All posts filed under: Stories

motherhood without a mum

Cheryl’s Story

My mother was truly beautiful, inside and out. She was an only child and always wanted a large family. She was softly spoken, patient, loving, supportive, always there for my dad and her kids. Very caring and honest. She touched the lives of so many people in the town we lived and gave me and my three brothers a wonderful upbringing in the country in New South Wales, Australia. My mother was diagnosed with cancer when she was 55 years old and I was 23 years old. She came to Sydney with my father to tell me she had cancer but said she felt fantastic and not to worry. About 10 months later she went down hill very rapidly. She stopped eating, and started loosing weight. She said she didn’t want chemotherapy or radiotherapy, but she did have it right at the end, but by that time it was too late. A year later on the eve of her 56th birthday I put her into hospital as she had come back to Sydney to stay …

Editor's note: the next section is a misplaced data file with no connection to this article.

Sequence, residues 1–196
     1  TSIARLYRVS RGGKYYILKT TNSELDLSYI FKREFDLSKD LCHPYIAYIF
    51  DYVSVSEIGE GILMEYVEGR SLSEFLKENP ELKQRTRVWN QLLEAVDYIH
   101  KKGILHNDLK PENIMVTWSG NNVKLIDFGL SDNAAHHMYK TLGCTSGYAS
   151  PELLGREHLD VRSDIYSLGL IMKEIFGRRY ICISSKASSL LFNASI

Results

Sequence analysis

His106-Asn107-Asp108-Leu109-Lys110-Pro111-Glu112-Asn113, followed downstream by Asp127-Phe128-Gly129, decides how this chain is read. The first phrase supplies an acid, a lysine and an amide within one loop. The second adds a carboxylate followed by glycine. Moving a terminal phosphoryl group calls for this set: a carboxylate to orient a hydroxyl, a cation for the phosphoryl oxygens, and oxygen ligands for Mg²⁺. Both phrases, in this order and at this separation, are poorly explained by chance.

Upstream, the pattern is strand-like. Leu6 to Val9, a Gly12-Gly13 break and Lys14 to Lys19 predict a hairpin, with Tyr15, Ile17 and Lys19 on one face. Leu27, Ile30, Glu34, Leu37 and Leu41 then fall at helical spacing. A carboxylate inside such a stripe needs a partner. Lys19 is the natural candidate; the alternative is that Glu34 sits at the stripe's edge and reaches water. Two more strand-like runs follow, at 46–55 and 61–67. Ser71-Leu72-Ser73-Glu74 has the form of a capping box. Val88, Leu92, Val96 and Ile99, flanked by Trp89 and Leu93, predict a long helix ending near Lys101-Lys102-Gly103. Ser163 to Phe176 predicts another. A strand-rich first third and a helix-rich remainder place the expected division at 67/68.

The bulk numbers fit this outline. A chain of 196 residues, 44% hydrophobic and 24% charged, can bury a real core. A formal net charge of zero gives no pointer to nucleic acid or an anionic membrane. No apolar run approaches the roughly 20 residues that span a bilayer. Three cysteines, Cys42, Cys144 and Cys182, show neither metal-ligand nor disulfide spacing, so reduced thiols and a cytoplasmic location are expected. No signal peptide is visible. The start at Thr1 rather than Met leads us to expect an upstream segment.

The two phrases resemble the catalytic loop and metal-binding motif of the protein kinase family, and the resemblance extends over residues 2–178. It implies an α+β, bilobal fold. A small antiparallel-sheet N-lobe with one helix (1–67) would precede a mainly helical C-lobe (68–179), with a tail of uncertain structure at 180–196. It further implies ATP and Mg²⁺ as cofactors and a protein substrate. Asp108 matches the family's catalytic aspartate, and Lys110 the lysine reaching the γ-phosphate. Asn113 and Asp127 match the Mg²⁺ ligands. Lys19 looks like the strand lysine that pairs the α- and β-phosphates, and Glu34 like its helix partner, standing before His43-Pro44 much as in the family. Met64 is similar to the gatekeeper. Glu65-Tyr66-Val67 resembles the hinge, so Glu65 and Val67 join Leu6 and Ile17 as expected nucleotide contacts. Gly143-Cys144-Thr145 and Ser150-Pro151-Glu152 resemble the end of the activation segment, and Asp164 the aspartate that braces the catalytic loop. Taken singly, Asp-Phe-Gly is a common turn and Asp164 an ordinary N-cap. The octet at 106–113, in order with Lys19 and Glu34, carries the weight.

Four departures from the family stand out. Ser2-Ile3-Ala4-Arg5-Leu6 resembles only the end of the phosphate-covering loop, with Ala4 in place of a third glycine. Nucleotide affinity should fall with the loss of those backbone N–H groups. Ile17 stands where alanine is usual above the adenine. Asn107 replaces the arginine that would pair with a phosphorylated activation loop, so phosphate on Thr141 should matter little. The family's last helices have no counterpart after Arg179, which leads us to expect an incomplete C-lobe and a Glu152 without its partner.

motherhood without a mum

Sofia’s Story

When I was pregnant with my first child I was determined not to get any help from my family. I am used to doing things on my own. My dad is the only relative I have that lives in the same country as me, and my mother died when I was 11-years-old. When she died, we were living in a small flat in London, paid for by housing benefit. We had emigrated here after my dad had lost his job due to the Argentine economic crisis of the late Nineties. In London, where employment rates were pretty high in 1999, it was much easier for my dad to find a low-paid job. Overnight, we went from being an affluent middle-class family, to buying all our groceries in Netto, and buying less food one week in, order to afford shoes that month. But we were together. When my mum died suddenly in 2000, it meant my dad had to stop working full-time in order to take care of me. We had even less money, and processing …